Blake’s Annual Lavender Market is set to go July 15-17 – Macomb Daily

Lavender cookies, lavender soap, bunches of lavender tied in a bow and even a lavender spray that wards off mosquitoes.

The purple herb packs a powerful punch.

This is evident by the many products that more than 200 vendors will be featuring during Blake’s Annual Lavender Marketgoing on July 15-17.

“My parents live in a woody area of ​​Shelby Township with lots of mosquitoes,” said Lisa Mulvenna of Warren and the creator of a mosquito spray that repels bugs but won’t repel people. “I did some research and tried a few things before coming up with the spray.

“It really works,” she added. “Honestly, you can ask my family.”

They will attest to that – and the lavender lemongrass cleaner – that she went on to produce following the success of her Lavender Magical Mist.

This is what got her going.

After that the graduate of Western Michigan University (1994), who spent several years working in the fashion industry before becoming a wife and mother of two, not only started growing lavender herself but started Utopian2, a company that has expanded its product line to include lavender teas and a buttery lavender cookie.

“It’s my great-grandmother’s recipe,” Mulvenna said, noting that while the family loved the original recipe that her mother made with a topping of cinnamon the new version covered with a light purple frosting and speckles of lavender has its following of fans in the family and among her customers.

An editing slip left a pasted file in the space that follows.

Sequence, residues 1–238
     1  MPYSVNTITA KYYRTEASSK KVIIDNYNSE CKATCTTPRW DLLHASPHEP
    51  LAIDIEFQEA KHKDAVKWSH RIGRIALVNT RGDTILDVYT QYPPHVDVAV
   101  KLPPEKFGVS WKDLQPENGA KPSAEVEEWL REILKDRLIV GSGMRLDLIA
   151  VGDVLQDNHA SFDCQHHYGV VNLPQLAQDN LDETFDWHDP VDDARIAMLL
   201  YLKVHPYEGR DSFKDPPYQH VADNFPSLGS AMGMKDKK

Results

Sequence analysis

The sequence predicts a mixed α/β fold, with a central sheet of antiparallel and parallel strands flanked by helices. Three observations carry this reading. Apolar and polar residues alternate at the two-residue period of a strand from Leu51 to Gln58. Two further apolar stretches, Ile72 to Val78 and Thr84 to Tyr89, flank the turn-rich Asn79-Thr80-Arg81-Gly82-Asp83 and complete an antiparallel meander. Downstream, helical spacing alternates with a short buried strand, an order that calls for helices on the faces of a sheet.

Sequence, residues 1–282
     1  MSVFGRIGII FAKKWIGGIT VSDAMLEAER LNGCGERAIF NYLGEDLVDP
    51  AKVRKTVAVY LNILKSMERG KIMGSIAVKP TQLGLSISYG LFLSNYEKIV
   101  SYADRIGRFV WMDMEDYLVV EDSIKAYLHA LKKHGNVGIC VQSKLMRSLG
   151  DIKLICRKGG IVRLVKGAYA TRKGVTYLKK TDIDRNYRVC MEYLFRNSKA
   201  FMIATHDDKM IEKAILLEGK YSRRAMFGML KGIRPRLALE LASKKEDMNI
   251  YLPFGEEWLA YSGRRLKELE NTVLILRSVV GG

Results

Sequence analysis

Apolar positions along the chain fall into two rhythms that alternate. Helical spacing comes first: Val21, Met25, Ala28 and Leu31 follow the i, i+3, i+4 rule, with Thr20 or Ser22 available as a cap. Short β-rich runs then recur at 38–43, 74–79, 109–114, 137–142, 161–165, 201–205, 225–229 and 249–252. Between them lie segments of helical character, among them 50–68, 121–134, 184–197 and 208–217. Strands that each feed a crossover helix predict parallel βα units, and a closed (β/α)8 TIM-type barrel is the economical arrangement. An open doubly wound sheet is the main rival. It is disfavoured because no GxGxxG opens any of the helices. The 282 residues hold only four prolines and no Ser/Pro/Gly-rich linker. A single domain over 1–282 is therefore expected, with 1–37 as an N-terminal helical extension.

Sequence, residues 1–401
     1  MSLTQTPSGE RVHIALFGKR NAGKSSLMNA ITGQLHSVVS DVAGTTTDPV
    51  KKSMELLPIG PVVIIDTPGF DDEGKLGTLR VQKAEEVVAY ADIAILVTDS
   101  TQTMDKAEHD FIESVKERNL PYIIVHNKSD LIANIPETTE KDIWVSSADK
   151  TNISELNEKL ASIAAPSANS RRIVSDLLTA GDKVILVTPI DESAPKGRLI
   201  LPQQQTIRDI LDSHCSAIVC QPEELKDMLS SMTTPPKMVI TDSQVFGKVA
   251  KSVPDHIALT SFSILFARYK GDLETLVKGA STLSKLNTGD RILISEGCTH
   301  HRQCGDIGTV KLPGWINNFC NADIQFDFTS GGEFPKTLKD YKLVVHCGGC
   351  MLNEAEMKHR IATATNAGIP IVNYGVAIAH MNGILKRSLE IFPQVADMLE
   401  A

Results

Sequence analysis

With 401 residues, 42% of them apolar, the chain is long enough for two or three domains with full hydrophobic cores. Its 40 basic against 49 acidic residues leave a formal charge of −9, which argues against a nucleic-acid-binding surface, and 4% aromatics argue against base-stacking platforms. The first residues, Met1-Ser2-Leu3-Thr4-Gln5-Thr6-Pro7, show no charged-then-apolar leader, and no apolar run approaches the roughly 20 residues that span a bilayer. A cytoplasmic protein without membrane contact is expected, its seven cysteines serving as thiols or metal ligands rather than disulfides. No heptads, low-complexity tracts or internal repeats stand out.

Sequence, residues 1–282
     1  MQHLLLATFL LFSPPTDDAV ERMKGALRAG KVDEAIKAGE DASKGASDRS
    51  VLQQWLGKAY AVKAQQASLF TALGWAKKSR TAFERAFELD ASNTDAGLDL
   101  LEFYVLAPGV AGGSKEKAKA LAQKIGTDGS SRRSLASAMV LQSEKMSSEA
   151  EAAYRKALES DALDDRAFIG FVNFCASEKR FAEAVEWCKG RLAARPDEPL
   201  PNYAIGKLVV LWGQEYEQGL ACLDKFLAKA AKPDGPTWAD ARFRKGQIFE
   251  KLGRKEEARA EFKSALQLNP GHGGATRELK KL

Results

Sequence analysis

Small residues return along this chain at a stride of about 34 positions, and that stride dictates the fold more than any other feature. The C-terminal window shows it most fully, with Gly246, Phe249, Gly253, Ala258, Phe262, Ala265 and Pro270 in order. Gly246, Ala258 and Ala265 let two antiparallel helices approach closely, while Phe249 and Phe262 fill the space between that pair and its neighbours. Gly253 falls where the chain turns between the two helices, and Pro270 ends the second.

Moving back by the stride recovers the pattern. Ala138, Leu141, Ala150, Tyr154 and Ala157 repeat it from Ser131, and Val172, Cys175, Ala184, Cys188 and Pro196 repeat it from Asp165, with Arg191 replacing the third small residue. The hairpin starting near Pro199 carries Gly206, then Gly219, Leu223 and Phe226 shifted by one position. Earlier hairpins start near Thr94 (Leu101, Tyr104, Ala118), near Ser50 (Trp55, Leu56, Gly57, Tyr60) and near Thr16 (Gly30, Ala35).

A woman picks a bunch of lavender at Blake’s Cider Mill and Orchard. U-pick lavender is among the features of Blake’s Annual Lavender Market. Photo courtesy of Blake Farms

It seems like lavender has been around for ages but according to the National Institute of Health it’s actually native to countries in the Mediterranean region, including France, Spain, and Italy. The name lavender comes from the Latin verb “lavare,” meaning “to wash” and dates back to ancient Rome, when lavender was used as a bath additive.

“Blake’s has been growing lavender for 10 years,” said Lonnie Decker, manager of Blake Farms. “Depending on the weather, it can be easy or hard to grow. If you have a rough winter, with continuous cold temperatures, it will negatively affect your crop in the spring. Lavender plants do not like to be too cold or too wet.”

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